Somebody’s parents had dropped us off at the mall. We saw a sign in the doorway for a “panty party” sale. It felt like being invited to the cool girl’s house for a slumber party where she lets you in on all of her beauty secrets. The walls are striped pink and they’re littered with fabulously framed stills of angels from fashion shows.
Lima’s signature pout is on full display above the shiny black tables covered in colorful intimates. She’s letting you know she shops here too. Victoria’s Secret is why she’s so sexy, and it promises to make you sexy too. There are dressers of lace and satin panties all sorted by style and size in drawers. There are shelves of fragrances with names like “Love Spell.” The whole in-store experience is all so unapologetically feminine, sexy, and confident, just like the angels.
Shopping at Aerie does not offer the same experience. It doesn’t even come close. The only similarity between Aerie and Victoria’s Secret is its PINK line, which is most recognizable, of course, by the VS Pink Dog Puppy logo.
Let Aerie Have the Teenagers
PINK is a more youthful, cutesy brand of Victoria’s Secret “sleepwear,” meant to target younger shoppers. PINK offers pajama sets, cozy “school spirit” sleep shirts, and bras and panties with flirtier patterns. But the Victoria’s Secret’s extensive focus on pushing the PINK brand is probably part of the problem. Teenagers might have more time to wander around the mall, but they don’t have the money to spend. Adults do, and working women don’t need polka-dot pink undergarments in their wardrobe.
On his Sirius XM channel “Pitbull’s Globalization,” Miami rapper Pitbull always says he likes his women to be “sexy and sophisticated.” There is no better way to describe what kind of shopper Victoria’s Secret’s key demographic should be.
The woman in the market for lingerie and sexy sleepwear are working women leading active lives. They are women who are kicking butt during the day and want to feel sexy during life’s most intimate moments.
They are career women who, after a long workday, want to sleep comfortably in satin pajamas. They are evening readers curling up in soft fleece robes with a glass of wine and a book. They are fans of old movies who want something pretty and relaxed to wear cuddling up next to bae on the couch. Many are jet setters and on airplanes, so they appreciate functioning loungewear. Let Aerie have the teenage mallrats and the BOGO specials.
Up the Variety, Please
Variety, too, was once a factor in Victoria’s Secret’s success, and could be again. They used to sell all kinds of clothes—carried jackets, cocktail dresses, jeans, boots, pumps, bra-tops, and beach attire. While scaling down the scope of the merchandise was probably wise, they made a huge mistake in 2016 when they eliminated swimwear.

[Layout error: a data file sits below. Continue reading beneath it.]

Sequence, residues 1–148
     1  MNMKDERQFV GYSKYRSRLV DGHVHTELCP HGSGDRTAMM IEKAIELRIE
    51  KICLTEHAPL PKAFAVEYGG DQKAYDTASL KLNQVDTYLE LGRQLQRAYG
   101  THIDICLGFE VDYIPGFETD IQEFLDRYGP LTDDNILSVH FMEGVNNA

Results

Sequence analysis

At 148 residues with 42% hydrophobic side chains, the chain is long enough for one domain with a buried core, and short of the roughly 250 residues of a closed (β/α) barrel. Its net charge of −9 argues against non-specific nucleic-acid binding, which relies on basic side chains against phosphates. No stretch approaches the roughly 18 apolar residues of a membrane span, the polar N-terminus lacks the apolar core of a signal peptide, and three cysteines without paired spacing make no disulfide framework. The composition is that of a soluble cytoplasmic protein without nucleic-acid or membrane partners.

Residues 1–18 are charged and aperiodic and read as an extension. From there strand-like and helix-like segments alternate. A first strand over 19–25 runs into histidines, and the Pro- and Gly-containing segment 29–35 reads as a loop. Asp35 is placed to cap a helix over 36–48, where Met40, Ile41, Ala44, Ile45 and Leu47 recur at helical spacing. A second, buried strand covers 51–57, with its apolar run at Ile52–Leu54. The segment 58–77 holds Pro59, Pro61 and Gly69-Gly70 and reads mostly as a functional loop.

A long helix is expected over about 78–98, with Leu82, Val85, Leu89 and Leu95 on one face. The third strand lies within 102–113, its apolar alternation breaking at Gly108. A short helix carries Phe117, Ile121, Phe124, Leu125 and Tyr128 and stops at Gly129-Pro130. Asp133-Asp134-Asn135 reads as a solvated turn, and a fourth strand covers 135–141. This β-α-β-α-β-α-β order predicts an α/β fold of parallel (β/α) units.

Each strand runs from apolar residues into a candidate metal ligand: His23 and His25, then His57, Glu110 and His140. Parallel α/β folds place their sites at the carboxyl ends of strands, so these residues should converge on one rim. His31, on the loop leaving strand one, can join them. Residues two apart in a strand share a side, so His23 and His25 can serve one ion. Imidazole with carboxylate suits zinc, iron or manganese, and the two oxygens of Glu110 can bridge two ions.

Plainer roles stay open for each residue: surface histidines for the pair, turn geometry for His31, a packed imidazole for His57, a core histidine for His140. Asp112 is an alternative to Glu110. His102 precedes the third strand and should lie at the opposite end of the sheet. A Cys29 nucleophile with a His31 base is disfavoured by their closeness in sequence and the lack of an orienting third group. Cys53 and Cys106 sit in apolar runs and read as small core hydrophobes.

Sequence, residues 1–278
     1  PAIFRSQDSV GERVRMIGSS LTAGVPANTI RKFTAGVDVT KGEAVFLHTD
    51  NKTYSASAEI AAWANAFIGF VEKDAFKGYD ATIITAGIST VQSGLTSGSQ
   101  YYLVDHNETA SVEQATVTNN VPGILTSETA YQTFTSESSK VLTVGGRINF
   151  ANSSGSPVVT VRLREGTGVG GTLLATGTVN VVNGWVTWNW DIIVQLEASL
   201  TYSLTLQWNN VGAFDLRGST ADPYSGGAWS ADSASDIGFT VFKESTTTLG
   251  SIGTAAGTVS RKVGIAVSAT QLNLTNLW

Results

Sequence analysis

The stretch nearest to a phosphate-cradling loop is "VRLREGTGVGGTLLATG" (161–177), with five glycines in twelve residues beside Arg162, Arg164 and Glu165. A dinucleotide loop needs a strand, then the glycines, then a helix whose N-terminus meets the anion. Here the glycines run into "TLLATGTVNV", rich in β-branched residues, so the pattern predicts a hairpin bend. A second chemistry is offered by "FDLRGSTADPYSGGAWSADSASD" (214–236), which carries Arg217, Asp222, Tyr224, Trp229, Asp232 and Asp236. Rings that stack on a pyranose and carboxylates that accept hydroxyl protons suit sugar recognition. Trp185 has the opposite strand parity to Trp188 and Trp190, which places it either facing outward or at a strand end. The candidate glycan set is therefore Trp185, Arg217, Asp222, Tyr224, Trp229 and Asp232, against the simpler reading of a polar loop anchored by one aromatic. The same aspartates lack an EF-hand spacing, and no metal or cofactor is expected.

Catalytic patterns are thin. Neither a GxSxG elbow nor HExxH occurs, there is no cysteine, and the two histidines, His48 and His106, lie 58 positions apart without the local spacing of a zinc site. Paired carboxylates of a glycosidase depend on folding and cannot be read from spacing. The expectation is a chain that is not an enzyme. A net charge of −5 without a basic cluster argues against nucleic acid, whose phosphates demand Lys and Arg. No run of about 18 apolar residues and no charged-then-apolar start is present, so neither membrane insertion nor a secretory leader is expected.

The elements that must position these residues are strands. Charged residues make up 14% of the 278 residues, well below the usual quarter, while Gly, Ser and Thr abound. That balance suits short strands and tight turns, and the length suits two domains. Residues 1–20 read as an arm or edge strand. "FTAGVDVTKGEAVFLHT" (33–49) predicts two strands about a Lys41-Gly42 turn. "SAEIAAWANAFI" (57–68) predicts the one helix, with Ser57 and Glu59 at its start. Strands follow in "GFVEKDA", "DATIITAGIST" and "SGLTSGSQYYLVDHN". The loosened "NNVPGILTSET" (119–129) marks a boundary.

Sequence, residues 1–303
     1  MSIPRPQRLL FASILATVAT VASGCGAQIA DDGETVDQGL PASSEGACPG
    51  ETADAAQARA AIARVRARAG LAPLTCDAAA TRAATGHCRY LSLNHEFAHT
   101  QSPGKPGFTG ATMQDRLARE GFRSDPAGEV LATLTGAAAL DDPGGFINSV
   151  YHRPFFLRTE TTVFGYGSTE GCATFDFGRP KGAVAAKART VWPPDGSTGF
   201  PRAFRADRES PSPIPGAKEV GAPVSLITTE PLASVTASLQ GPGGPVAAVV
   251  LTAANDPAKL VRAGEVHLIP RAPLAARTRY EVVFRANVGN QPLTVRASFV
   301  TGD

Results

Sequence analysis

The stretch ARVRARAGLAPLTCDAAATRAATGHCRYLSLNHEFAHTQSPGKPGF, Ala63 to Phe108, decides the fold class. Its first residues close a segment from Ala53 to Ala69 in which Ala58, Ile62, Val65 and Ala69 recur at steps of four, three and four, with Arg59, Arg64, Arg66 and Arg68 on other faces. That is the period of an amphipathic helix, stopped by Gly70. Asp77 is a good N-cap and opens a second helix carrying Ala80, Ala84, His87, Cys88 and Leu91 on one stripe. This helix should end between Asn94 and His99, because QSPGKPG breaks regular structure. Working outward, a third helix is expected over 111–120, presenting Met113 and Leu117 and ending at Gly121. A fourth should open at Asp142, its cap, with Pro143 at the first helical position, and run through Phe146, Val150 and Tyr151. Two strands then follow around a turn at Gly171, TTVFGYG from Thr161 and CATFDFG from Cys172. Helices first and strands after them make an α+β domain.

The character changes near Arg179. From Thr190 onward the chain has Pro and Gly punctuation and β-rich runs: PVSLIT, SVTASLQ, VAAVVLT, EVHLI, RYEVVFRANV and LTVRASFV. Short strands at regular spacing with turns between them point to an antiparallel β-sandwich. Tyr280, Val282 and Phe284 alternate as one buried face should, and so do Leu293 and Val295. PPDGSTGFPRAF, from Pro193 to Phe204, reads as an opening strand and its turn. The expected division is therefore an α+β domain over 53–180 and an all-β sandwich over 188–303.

Swimsuits are basically lingerie worn in public, and Victoria’s Secret did swimsuits the absolute best. Anyone who can remember the Victoria’s Secret Swim catalogues featuring the hottest slinky one-pieces, exotic bikinis, and flowing sundresses worn by angels with super-long torsos and tousled sun-kissed hair knows it. Swimsuits were a Victoria’s Secret item socially acceptable to post about on social media.
Bringing back the swim line would be a slam dunk for Instagram marketing. Every summer, every beach trip, every vacation is a golden opportunity for a woman to show off her beach bod and, most importantly, her Victoria’s Secret bikini. Victoria’s Secret understood at one point the need to appeal to Pitbull’s “sexy and sophisticated” woman. From the beach to the bedroom, one trip to Victoria’s Secret could have you covered. With some purchases, they even threw in a free overnight bag.
Capitalize on the Models’ Celebrity
Victoria’s Secret angels are major international supermodels. The Victoria’s Secret annual fashion show is still considered the world’s biggest fashion event. Surely, this is because of the angels’ celebrity.
This year, the event returns to New York City after recent productions in London, Paris and Shanghai. According to ABC, it will be seen in more than 190 countries. The Victoria’s Secret Angels joining the fashion show lineup this year include Lima, Behati Prinsloo, Candice Swanepoel, Elsa Hosk, Jasmine Tookes, Josephine Skriver, Lais Ribeiro, Martha Hunt, Romee Strijd, Sara Sampaio, Stella Maxwell, Taylor Hill, Gigi and Bella Hadid, and Kendall Jenner. Kendall Jenner alone has 98.4 million followers on Instagram. Gigi Hadid has 44.4 million. Bella Hadid has 21 million. Lima has 12.1 million. The audience is built in.
Victoria’s Secret has the marketing tools to dominate all of its competitors. They just need to sell what women want.